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News release

April 3, 2024


Stephen Mikkelson, 218-316-3887,

Alpine Cabinetry LLC fined $12,933 for hazardous waste violations at St. Cloud cabinet facility

According to a Minnesota Pollution Control Agency (MPCA) enforcement investigation, Alpine Cabinetry LLC mislabeled and improperly stored hazardous materials, failed to conduct weekly inspections, and failed to train staff to properly handle and store hazardous waste in 2023 at its residential and commercial cabinet production facility in St. Cloud, Minn.

Paint splattered stacks of open and closed five gallon buckets and cement walls.

An MPCA staff inspection in August 2023 confirmed violations including:

  • Failing to properly contain hazardous waste paint in and around a collection area, resulting in excess spilled paints on the floor and surrounding walls.
  • Storing improperly labeled barrels of hazardous waste paint and oils on wood pallets on bare soil and in an unsecured tent with inadequate aisle space. This created a risk of unauthorized access and potential for the containers to easily tip over or rupture from the heat and leak hazardous waste straight onto the ground.

In addition to paying the $12,933 civil penalty, Alpine Cabinetry has completed a series of corrective actions including:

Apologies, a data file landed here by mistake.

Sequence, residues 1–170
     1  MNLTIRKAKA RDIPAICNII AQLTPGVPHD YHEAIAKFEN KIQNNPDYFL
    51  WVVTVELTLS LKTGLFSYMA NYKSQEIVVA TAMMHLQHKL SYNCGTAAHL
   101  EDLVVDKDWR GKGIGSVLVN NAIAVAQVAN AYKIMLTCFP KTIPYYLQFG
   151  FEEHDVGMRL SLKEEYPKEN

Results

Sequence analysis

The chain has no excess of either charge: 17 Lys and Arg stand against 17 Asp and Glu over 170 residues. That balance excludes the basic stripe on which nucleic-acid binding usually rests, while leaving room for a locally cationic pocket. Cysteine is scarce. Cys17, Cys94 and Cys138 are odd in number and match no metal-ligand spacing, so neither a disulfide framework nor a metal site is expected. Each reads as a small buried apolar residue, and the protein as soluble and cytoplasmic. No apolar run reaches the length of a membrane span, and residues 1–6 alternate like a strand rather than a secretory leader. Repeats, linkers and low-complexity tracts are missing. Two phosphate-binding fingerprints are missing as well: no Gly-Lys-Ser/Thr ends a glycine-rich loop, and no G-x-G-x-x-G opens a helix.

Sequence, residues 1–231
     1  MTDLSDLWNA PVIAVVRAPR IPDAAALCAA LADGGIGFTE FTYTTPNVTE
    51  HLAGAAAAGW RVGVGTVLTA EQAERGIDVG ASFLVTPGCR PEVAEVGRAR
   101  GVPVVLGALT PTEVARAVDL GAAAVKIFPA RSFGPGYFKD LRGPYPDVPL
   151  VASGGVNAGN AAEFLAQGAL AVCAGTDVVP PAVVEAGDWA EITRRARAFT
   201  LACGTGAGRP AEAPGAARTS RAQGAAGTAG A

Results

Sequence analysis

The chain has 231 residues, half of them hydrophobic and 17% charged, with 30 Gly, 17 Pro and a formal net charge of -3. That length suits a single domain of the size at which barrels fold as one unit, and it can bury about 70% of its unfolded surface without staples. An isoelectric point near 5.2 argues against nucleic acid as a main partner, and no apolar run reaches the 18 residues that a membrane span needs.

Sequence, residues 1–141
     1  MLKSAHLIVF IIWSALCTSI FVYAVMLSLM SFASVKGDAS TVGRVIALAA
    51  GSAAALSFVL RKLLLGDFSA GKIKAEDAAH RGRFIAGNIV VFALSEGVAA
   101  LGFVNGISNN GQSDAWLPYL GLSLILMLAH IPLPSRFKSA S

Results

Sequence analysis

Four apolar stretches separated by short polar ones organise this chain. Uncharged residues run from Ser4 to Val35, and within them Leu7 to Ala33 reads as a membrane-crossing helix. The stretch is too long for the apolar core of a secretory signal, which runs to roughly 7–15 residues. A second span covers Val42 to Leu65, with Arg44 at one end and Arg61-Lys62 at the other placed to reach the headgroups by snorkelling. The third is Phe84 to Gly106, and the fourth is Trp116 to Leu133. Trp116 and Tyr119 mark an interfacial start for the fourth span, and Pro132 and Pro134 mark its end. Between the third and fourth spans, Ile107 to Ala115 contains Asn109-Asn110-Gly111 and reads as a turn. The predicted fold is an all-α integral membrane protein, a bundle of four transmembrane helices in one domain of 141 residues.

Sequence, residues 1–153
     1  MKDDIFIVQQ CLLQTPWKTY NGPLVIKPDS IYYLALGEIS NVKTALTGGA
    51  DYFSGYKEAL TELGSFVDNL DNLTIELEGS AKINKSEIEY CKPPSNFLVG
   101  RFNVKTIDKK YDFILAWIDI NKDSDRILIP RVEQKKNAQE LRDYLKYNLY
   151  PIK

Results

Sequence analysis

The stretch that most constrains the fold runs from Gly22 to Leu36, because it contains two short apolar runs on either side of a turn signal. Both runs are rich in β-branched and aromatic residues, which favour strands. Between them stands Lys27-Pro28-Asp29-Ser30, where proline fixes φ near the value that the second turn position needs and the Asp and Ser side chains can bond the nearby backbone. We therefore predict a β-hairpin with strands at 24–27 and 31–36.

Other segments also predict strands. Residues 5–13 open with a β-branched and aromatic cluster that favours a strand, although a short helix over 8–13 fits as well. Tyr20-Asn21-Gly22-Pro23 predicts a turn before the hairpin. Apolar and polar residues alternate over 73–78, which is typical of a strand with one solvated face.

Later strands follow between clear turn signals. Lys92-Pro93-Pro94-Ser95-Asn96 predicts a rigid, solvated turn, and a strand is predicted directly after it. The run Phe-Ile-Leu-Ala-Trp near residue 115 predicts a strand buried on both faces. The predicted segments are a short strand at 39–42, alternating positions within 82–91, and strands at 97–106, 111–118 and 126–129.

• Providing hazardous waste training for employees and documenting weekly inspections.
  • Cleaning up all hazardous waste spills and submitting a management plan for how the company will prevent these spills in the future.
  • Submitting a management plan for how the company will store outdoor hazardous waste appropriately.
  • Documenting shipments of used oil.
  • Applying for an industrial stormwater permit.

MPCA rules and regulations are designed to protect human health and the environment by limiting pollution emissions and discharges from facilities. When companies do not fully comply with regulatory requirements, the resulting pollution can be harmful to people and the environment. 

When calculating penalties, the MPCA considers how seriously the violations affected or could have affected the environment, and whether they were first-time or repeat violations. The agency also attempts to recover the economic benefit the company gained by failing to comply with environmental laws in a timely manner. 

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